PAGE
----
Assuming for example that a PDMA sample has an entire frame length of three minutes (a total of 5,400 frames in the case of 30 frames per second), frame units are partitioned per minute or 1800 frames, and frame information is converted into objects as many as the partitioned frame units. As a result, a total of three inheritance objects are created for the PDMA sample. Frame units are not necessarily partitioned by the same proportion. For example, frame units(A) are partitioned per 30 seconds (900 frames), and frame units(B) are divided per 1 minute and 30 seconds (2,700 frames).

After frame unit objects are created form the PDMA sample, elements constituting the animation are again created as lower objects 263, which are assigned with property values. As a result, the PDMA sample includes a total of three virtual animations (primary inheritance objects). Although it may be somewhat complicated, the PDMA may arbitrarily partition the partitioned frame unit objects 262 again and convert the partitioned frame units into objects to produce other dependent (secondarily inherited) virtual animations. Particularly, the PDMA corresponds to the entire animation; individual animations are produced as primary inheritance objects and exist therein; and animations of secondary inheritance objects are produced in addition to the animations of the primary inheritance objects. Thus, the PDMA can be designed in various models as exemplified in FIG. 7. The PDMA can assign various properties to frame unit objects created in this manner, and process the property values into parameters. Therefore, the order of playing the animations of the corresponding objects can be modified or deleted. It is also possible to overlap the animations of two frame unit objects. In summary, by modifying the property value of the animation component objects inherited by the frame unit objects (i.e. texts, graphics, movies, audios, frame information), the animation components can be freely modified or edited.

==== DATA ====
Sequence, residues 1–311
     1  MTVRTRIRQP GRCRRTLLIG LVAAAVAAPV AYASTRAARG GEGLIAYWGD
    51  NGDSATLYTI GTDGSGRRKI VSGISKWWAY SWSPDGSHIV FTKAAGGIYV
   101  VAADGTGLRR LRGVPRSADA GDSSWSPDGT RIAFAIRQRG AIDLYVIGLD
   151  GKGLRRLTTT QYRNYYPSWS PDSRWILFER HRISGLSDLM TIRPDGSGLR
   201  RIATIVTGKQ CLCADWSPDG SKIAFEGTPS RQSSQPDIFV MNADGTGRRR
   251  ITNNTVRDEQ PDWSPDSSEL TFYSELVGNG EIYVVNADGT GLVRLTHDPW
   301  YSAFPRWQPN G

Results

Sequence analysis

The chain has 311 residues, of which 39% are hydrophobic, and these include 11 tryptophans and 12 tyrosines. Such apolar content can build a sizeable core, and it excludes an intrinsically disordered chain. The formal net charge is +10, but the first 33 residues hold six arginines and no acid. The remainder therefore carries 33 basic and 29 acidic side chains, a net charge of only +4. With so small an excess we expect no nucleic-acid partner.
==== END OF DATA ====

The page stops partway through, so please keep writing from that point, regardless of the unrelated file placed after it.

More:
FIG. 8 illustrates how the components of an animation are modified by frame unit objects of the PDMA. Before object property value modification 271, a movie named ‘movie01’ has been loaded as the movie object of the A frame unit 273, and an image named ‘image01’ has been loaded as the graphic object of the B frame unit 274. After the object property value modification 272, the movie named ‘movie01’ loaded as the movie object of the A frame unit 273 is loaded as the movie object of the C frame unit 276, and the image loaded as the graphic object of the B frame unit 274 is loaded as the graphic object of the A frame unit 275.

Besides audio or text objects, other objects can also be modified variously by processing the property value, which has been set during the program design, into a parameter. The PDMA itself can be used as an object, and a number of produced PDMA samples can be connected to obtain a single animation. In this manner, the PDMA producer can produce a PDMA sample, to which more complex and diversified methods and functions are assigned than those shown in the drawings.

FIG. 9 shows an example of posting animation samples produced in the PDMA type on the web. Various models of PDMA samples can be produced according to characteristics of users in various fields. The service provider can post a number of PDMA samples on the web so that a number of member clients can select from and use them.